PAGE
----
I stated yesterday that I would continue with the topic of holding back. As I looked at the quote above, I thought how that spells out holding back and probably the biggest reason for it at the same time: vulnerability.
Feeling vulnerable is to feel naked on a Friday at noon in Times Square. It is purely fear-based thoughts about holding back, not being enough, missing the mark, recalling past so-called failures, embarrassment, and more. That feeling of being vulnerable can keep us “tight in the bud,” as Anais Nin stated so poetically. But, to quote her more fully, she said, “the day came when the risk to remain tight in the bud was more painful than the risk it took to blossom.” That is the essence of letting go of the rope; of letting go of holding on; of letting go of holding back.
I stumbled across a wonderful video on YouTube of the actor and comedian (and artist!) doing a commencement address to the 2014 graduating class of Maharishi University of Management (MUM). It’s only 26 minutes which is short for most commencement addresses I’ve watched, and it was pure joy because Jim Carrey is not only funny, he is full of life. To me, he is the embodiment of a cup that runneth over. Yet, the bits of wisdom that this address contained was surprising and enlightening.
Toward the end of the subject at hand, holding back, he said, “You can join the game, fight the wars, play with the form all you want, but to find real peace, you have to let the armor go. Your need for acceptance can make you invisible to this world. Don’t let anything stand in the way of the light that shines through this form. Risk being seen in all your glory.”
Some will never let the armor go, as the risk of the exposure, their vulnerability, and their need for acceptance keeps them tied to the dock in a ship meant to sail the oceans. We all get to choose for ourselves.
In my case, I’ve learned to release a lot of holding back, but I have often felt more of the time as if I’ve tied myself to the dock, afraid to let go, in the attempt at personal security and false peace.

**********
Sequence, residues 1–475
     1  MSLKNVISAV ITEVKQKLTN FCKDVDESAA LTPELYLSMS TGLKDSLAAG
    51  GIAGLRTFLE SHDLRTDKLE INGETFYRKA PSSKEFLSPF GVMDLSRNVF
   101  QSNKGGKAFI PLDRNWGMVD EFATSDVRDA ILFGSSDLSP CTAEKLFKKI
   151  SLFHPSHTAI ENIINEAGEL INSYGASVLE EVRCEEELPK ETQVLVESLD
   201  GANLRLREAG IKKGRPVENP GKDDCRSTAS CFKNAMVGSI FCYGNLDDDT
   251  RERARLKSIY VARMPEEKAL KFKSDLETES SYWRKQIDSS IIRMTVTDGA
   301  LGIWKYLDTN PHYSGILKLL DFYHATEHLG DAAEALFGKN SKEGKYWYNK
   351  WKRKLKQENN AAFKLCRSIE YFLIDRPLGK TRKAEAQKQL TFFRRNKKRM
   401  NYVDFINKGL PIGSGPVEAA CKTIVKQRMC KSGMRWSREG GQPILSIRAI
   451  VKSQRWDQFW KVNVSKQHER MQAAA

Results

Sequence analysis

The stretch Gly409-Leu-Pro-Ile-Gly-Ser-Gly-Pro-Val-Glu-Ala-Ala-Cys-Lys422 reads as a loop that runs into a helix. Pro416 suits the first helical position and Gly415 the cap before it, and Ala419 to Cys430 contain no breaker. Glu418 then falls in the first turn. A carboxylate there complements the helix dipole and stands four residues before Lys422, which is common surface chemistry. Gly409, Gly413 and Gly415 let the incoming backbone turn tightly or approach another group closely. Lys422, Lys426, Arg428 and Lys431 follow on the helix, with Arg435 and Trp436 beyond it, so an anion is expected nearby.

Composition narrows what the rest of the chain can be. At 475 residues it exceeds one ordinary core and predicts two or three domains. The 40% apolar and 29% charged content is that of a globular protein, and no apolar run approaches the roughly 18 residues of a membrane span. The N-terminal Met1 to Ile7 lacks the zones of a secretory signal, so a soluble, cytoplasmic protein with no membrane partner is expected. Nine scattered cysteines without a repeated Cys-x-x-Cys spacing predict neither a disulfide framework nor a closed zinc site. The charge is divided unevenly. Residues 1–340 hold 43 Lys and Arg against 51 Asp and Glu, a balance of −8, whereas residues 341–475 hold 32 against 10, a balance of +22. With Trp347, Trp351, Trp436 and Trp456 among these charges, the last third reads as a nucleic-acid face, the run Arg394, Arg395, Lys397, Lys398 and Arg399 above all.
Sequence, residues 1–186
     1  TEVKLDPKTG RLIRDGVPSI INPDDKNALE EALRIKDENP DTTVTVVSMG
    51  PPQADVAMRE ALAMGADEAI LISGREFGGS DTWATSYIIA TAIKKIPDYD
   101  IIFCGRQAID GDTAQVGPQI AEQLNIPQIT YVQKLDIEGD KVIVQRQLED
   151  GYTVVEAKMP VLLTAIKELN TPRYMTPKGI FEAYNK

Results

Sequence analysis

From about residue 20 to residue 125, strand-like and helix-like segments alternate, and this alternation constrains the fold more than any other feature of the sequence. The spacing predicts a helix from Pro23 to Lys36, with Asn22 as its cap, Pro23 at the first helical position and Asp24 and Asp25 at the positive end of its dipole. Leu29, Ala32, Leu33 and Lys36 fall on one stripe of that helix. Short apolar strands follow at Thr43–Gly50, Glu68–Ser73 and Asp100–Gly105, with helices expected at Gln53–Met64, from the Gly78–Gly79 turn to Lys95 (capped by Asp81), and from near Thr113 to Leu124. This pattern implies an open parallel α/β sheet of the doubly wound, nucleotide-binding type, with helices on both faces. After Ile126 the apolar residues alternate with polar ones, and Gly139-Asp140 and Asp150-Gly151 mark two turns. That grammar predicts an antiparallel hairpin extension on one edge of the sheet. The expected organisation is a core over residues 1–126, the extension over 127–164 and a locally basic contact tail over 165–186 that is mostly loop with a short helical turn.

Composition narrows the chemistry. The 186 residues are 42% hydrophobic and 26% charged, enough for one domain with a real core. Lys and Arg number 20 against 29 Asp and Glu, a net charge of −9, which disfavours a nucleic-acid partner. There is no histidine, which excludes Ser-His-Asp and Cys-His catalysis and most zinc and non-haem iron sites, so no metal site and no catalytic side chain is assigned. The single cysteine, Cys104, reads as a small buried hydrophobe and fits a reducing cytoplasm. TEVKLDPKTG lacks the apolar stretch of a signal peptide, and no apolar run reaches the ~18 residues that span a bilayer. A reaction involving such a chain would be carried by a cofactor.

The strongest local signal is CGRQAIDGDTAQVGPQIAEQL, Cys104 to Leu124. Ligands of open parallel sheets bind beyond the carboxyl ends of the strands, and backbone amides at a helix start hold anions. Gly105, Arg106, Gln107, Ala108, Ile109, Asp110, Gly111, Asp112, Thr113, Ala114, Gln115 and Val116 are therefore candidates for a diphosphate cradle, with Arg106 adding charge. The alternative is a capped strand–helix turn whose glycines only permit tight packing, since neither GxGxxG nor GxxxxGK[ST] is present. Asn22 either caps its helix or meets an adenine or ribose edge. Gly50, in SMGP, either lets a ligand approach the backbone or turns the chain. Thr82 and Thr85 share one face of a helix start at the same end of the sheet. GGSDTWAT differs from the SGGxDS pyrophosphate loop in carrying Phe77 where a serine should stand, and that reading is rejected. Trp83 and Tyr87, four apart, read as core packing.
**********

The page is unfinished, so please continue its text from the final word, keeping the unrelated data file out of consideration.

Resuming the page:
Years ago when I was studying personal development in the 1970’s, there was the concept of the comfort zone. I even wrote and recorded a song about that. Supposedly, we most often voluntarily keep ourselves within a zone of comfortableness, where we know what we know. It feels good there much of the time, and it can also become boring and tedious. To venture out of the zone of comfortableness is to feel the pain of the unknown. The teachers would chide us into venturing out, taking a risk, and as we chance to move out, the zone is automatically expanded, and we blossom a little. It refreshes us. It can be invigorating.
These are similar ideas and all associated with the potential pain (because it is often a mirage) of risking growth, risking so-called failure, risking being vulnerable, allowing our light to shine even if only a little. And besides, does anyone ever really ever not hold anything back?
Since vulnerability is clearly fear in one form or another, and the opposite of fear is love, then the best we can do at any time is to live in and project love. Not only to those outside of us, but in loving ourselves enough to risk in confidence that love will catch us if we fall.
Whenever we are comparing ourselves to another, or even to our ego-driven ideas of what we should be, we are living in and projecting fear. If that’s where we want to live, fine. If not, choose love more often. We have unlimited opportunities to do just that. We always have the ability to choose.
Spread Some Joy Today–by practicing risking to experience joy, even when others choose fear. Leading by example is always good form.